Ugandan Recordings is a Wandering Songs project that came into existence in August 2013 to uncover and document music from northern Uganda. The search has found artists with a variety of instruments such as adungu, lukeme, nang’a, bila and orak. All recorded songs are accompanied by video clips, so one can see how each artist creates their work. In addition, musicians, radio presenters, choir directors and other music admirers in northern Uganda are also asked to explain –within one minute- what music means to them (visible in the ‘music in one minute’ video-clips). The most important aspect of Ugandan Recordings is a good and respectful relationship with the local community. It’s a priority is to share the music videos and recordings with the Ugandan musicians. Each artist receives a copy and has full ownership of the song. Both artist and Ugandan Recordings are entitled to use the recorded version of the song. Ugandan Recordings offers a platform for artists to reach a wider audience –with the use of radio, internet and media- and promote their music (without any form of payment). The project emphasises the importance of meaning in music. In order to spread the messages, the recorded songs are translated -and subtitled- into English with help of two local translators.
Music is a powerful tool to unite and comfort people and to discuss, remember and document important issues and events. Music gives people the opportunity to tell their own stories and make others aware of matters they find important. In addition, the recordings also document songs (and thereby narratives and happenings) that might otherwise be forgotten. As one of the artists put it ‘Our songs are the library of the Acholi’. Most of the Ugandan Recording-songs had never been recorded before. The artists were free to pick any of their own songs. It is striking that many songs relate to the twenty years of war that took place in northern Uganda. Life in the IDP-camps, rebel attacks and broken families are some of the topics that came up.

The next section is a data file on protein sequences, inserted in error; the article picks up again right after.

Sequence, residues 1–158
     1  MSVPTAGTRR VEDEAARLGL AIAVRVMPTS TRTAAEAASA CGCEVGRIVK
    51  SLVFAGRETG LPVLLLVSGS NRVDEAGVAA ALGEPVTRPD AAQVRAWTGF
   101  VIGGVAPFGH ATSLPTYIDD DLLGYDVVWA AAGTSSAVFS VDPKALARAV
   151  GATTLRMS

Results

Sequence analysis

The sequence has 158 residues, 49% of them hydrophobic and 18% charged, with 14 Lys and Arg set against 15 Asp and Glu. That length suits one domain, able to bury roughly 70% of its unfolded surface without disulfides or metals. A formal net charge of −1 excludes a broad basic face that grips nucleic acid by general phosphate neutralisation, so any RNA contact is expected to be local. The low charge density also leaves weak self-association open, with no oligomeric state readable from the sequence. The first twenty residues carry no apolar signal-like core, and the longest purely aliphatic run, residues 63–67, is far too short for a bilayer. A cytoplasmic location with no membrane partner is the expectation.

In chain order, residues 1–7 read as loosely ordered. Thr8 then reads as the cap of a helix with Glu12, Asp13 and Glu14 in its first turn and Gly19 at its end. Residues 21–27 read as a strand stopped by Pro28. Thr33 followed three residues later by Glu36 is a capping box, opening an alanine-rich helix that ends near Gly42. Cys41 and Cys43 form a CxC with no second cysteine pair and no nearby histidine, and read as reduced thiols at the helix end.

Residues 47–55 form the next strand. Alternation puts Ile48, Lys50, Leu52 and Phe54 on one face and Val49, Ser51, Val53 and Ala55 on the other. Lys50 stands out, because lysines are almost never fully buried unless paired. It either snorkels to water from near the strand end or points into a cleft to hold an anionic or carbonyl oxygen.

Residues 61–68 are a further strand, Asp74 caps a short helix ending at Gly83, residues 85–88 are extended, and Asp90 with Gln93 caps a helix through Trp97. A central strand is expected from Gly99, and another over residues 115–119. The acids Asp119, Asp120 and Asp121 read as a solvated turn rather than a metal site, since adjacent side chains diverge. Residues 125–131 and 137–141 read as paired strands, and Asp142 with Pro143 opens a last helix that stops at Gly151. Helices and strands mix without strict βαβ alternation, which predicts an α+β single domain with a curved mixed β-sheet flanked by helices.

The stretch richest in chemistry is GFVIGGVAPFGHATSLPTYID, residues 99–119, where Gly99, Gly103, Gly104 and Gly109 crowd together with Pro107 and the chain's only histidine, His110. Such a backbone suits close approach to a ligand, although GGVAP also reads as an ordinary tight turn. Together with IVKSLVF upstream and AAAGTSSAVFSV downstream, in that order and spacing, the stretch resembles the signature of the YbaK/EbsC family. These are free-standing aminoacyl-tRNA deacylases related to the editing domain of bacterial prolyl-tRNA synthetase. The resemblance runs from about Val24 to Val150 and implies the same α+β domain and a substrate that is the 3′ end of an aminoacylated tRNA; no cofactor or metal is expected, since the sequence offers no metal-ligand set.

Music moves us, both metaphorically and literally. Music is an art in which emotion is expressed, it helps people to share feelings. This is especially important in post-conflict situations like in northern Uganda, where issues of trust often come up. During the recordings we witnessed tears of sadness and tears of joy. In the end, the recordings always brought people together. Making -and listening to- music often involves a lot of fun as well. Over a period of eight months (2013, 2014), 111 recordings and videos have been made by Ugandan Recordings / Wandering Songs in northern Uganda. The recording equipment consisted of two cameras, four microphones and a digital audio recorder on batteries, enabling recordings in distant places without electricity. All this material fitted into one backpack. A motorbike was used for transport -creating a highly mobile studio. For the purpose of highlighting different songs, messages and instruments we selected artists with diverse backgrounds. Introductions mostly took place via community leaders, friends, artists, (religious and non-religious) institutes and radio stations. All recorded artist’s come from northern Uganda. In December 2013, Ugandan Recordings and radio station Pol FM hosted a traditional instrument talent-show in Kitgum. We are grateful to all radio-stations in Kitgum (Pol FM, Kiti FM, Mighty Fire FM, Peace FM and Tembo FM) for paying attention to Ugandan Recordings and thereby promoting the local artists. After sharing the moving songs within their own community, it is now time to share them with the rest of the world.